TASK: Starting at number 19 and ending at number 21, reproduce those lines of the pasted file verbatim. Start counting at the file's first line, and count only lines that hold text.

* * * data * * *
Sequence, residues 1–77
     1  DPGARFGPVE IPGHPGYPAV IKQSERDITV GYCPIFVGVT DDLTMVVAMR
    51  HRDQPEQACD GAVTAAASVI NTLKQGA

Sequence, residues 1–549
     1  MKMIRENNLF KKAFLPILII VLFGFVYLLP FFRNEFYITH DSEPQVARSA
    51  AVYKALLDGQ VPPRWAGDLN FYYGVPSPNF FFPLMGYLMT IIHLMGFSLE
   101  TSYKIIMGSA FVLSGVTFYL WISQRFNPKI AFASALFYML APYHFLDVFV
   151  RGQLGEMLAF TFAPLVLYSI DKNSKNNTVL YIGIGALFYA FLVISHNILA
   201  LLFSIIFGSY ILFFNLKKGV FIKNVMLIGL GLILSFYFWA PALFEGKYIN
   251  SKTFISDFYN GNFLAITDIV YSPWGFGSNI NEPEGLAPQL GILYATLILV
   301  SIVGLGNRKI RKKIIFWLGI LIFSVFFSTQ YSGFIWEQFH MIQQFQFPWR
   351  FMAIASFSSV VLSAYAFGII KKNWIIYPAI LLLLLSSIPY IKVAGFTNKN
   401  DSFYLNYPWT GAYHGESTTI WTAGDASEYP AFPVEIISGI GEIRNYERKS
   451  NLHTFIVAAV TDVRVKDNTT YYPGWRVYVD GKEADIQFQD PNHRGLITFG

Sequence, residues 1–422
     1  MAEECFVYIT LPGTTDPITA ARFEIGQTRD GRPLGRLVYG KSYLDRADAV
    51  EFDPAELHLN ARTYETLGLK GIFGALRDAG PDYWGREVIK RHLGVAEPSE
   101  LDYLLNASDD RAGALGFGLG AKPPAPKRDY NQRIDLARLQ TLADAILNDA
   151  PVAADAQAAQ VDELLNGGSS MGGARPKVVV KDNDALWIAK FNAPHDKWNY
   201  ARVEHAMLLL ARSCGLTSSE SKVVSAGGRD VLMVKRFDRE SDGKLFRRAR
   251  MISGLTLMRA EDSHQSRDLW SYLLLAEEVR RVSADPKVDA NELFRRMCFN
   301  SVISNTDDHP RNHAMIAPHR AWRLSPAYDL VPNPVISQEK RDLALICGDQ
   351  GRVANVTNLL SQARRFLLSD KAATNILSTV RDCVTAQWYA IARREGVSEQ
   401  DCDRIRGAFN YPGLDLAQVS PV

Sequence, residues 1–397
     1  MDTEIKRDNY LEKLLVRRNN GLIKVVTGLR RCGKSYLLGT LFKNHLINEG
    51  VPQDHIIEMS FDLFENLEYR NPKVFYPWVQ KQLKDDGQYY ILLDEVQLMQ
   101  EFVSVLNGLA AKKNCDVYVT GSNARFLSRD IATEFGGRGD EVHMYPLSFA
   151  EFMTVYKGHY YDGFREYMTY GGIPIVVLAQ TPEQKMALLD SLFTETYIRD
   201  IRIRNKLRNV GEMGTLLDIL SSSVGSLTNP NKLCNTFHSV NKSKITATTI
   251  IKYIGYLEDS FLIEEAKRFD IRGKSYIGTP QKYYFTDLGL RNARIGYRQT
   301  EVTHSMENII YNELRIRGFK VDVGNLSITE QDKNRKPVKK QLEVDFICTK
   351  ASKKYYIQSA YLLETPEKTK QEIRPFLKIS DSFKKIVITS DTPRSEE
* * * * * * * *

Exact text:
   151  PVAADAQAAQ VDELLNGGSS MGGARPKVVV KDNDALWIAK FNAPHDKWNY
   201  ARVEHAMLLL ARSCGLTSSE SKVVSAGGRD VLMVKRFDRE SDGKLFRRAR
   251  MISGLTLMRA EDSHQSRDLW SYLLLAEEVR RVSADPKVDA NELFRRMCFN